Others, it seems, have taken it upon themselves to fill the GA’s media vacuum of their own accord. One document being circulated and discussed online is “Occupy Wall Street—Official Demands,” dated September 20 of 2013, which includes detailed proposals for reforming the financial system, none of which has been approved by the GA.
“This is definitely not ours,” says Marisa Holmes, a facilitator of the GA since the first planning meetings. “All decisions made by the GA are made in this space.”
Worse, thanks to some imaginative theorizing by Aaron Kein of the right-wing online publication WorldNetDaily, the idea began circulating that the movement was “closely tied” with ACORN, SEIU and that it took its inspiration from the Weather Underground; George Soros; and, ultimately, President Obama himself. Five minutes at a GA meeting would easily disabuse one of such associations. The GA had no official organizational ties and, besides a food fund that has been stuck in an inaccessible WePay account, almost no money. Many wish that they had the support of unions, but so far they still don’t.
What’s actually underway at Liberty Plaza is both simpler and more complicated: music making, sign drawing, talking, organizing, eating, marching, standoffs with police and (not enough) sleeping. It’s a movement in formation. As protesters sometimes like to chant, “This Is Just Practice.” There are a handful of guys with Anonymous Guy Fawkes masks backward on their heads, but they’re just one affinity group among many. O’Brien didn’t appear on the plaza much for a couple of days—she and her colleagues were “running the back-end,” monitoring police radios, or delivering ponchos and tarps—and there has been almost no talk of “One citizen. One dollar. One vote.” Adbusters sends the occasional package of posters in the mail and offers confusing advice to organizers on the ground. Nobody’s exactly sure yet who is doing what, but they’re learning.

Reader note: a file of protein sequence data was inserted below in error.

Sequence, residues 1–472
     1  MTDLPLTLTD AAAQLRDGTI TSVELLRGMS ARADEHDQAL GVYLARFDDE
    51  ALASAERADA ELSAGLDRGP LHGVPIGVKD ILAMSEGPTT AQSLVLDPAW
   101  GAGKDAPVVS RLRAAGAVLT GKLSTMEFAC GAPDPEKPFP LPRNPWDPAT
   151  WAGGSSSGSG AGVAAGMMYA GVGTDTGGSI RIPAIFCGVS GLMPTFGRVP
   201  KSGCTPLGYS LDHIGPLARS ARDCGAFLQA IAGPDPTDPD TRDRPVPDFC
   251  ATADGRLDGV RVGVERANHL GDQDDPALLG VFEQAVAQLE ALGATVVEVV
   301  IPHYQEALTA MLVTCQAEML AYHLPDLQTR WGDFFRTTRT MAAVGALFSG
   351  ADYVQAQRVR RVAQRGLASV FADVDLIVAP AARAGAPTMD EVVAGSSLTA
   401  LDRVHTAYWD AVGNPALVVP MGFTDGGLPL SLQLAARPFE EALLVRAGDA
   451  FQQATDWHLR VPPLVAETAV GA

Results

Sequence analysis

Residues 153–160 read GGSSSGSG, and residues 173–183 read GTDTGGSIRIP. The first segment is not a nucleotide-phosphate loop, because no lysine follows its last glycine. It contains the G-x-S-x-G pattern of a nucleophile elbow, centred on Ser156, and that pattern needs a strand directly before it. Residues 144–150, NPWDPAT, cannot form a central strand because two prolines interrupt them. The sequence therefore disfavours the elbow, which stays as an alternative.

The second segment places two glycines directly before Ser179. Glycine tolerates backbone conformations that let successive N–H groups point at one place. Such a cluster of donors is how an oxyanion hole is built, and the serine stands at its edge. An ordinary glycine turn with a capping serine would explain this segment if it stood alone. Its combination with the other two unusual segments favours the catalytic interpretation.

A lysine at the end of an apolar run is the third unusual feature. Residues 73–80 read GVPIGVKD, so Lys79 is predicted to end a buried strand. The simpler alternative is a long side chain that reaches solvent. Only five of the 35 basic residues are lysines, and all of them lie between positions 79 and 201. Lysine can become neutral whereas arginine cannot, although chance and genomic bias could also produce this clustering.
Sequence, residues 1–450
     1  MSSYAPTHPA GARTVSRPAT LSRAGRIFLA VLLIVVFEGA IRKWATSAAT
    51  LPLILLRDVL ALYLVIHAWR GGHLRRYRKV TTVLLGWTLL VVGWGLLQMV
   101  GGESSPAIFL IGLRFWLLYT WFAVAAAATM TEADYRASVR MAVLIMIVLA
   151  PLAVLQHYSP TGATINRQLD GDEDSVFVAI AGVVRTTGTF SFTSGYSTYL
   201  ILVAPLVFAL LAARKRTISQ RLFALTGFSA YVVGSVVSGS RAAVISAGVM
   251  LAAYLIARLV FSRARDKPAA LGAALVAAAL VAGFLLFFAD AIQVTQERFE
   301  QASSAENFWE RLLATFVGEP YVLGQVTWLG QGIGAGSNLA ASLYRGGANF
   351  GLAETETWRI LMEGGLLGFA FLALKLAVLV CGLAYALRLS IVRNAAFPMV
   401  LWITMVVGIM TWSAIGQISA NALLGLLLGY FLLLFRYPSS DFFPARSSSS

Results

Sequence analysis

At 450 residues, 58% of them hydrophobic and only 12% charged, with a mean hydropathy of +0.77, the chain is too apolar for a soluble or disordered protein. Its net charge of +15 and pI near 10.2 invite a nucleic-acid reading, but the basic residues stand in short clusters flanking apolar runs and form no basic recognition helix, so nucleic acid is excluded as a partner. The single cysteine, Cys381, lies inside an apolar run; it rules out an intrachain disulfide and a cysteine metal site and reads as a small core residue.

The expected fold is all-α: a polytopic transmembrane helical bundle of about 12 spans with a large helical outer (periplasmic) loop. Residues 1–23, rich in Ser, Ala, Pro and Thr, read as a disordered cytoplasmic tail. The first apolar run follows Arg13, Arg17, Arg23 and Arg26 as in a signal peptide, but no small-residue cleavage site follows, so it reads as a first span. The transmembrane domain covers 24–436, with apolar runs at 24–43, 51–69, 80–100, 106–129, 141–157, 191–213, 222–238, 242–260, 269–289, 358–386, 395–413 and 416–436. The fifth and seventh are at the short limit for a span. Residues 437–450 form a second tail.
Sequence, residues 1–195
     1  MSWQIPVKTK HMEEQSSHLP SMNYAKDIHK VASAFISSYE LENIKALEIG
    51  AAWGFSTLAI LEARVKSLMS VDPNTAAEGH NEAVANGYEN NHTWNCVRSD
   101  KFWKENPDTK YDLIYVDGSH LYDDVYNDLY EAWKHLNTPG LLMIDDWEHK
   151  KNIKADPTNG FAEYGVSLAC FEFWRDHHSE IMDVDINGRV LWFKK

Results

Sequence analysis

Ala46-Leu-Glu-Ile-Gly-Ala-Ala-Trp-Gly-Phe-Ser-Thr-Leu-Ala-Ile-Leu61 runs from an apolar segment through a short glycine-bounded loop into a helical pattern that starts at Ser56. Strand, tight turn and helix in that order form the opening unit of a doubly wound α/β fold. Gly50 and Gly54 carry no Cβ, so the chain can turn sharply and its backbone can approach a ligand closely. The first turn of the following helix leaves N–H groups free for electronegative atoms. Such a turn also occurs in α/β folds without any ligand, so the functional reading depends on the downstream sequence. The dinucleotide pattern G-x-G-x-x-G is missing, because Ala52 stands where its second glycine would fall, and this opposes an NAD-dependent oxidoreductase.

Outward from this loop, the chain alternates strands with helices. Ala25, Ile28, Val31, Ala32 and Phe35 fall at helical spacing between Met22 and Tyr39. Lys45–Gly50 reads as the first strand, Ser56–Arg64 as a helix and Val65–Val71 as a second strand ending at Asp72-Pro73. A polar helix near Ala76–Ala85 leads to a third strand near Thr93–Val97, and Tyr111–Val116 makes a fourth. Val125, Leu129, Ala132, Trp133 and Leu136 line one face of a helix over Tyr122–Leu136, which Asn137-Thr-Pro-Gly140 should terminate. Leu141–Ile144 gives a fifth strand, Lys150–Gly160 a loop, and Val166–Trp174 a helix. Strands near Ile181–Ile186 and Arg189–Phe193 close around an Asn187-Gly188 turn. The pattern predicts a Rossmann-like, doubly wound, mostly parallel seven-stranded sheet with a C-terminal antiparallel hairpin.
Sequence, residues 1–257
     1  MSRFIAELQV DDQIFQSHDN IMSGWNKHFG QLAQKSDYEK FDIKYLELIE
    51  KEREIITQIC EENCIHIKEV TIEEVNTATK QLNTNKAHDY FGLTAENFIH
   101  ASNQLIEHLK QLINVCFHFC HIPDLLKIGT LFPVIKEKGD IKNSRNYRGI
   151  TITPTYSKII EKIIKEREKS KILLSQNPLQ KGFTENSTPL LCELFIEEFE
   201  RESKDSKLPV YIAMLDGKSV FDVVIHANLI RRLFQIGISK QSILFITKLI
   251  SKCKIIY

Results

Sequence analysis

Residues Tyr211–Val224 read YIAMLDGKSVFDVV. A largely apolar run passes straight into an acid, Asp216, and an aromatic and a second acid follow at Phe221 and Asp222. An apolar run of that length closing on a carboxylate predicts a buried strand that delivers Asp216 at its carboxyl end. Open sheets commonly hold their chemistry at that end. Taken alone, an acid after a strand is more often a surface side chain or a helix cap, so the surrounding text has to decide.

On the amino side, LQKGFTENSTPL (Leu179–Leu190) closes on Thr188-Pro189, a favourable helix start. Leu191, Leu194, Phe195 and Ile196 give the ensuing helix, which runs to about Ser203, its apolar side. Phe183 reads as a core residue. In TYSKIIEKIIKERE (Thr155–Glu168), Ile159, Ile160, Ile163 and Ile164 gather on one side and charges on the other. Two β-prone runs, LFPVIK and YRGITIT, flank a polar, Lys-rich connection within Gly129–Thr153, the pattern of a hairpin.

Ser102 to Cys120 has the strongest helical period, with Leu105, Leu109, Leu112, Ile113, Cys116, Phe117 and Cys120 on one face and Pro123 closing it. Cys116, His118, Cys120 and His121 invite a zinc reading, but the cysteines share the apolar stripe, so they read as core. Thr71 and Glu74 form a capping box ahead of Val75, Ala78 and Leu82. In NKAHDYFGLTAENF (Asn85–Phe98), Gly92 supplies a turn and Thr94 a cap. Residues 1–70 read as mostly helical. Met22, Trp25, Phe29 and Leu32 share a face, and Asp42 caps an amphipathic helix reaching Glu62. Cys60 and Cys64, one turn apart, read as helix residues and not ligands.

For the most part, the occupation is riding the momentum started in the GA meetings that were going on for a month and a half beforehand. They built a community of people who trust each other, who have a sense for each other’s skills and who are in some basic agreement about ends and means.